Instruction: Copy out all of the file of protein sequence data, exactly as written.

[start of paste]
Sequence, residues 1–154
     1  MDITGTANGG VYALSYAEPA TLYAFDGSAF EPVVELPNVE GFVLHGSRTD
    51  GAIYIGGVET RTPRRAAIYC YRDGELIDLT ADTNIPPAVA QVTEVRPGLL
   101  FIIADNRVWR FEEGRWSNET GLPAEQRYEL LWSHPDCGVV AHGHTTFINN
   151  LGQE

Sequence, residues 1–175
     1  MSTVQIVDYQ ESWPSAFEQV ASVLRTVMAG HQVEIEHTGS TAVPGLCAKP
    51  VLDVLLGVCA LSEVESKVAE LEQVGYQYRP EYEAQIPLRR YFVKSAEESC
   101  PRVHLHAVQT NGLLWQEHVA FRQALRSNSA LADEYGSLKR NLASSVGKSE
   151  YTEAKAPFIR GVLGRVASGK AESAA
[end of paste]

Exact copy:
Sequence, residues 1–154
     1  MDITGTANGG VYALSYAEPA TLYAFDGSAF EPVVELPNVE GFVLHGSRTD
    51  GAIYIGGVET RTPRRAAIYC YRDGELIDLT ADTNIPPAVA QVTEVRPGLL
   101  FIIADNRVWR FEEGRWSNET GLPAEQRYEL LWSHPDCGVV AHGHTTFINN
   151  LGQE

Sequence, residues 1–175
     1  MSTVQIVDYQ ESWPSAFEQV ASVLRTVMAG HQVEIEHTGS TAVPGLCAKP
    51  VLDVLLGVCA LSEVESKVAE LEQVGYQYRP EYEAQIPLRR YFVKSAEESC
   101  PRVHLHAVQT NGLLWQEHVA FRQALRSNSA LADEYGSLKR NLASSVGKSE
   151  YTEAKAPFIR GVLGRVASGK AESAA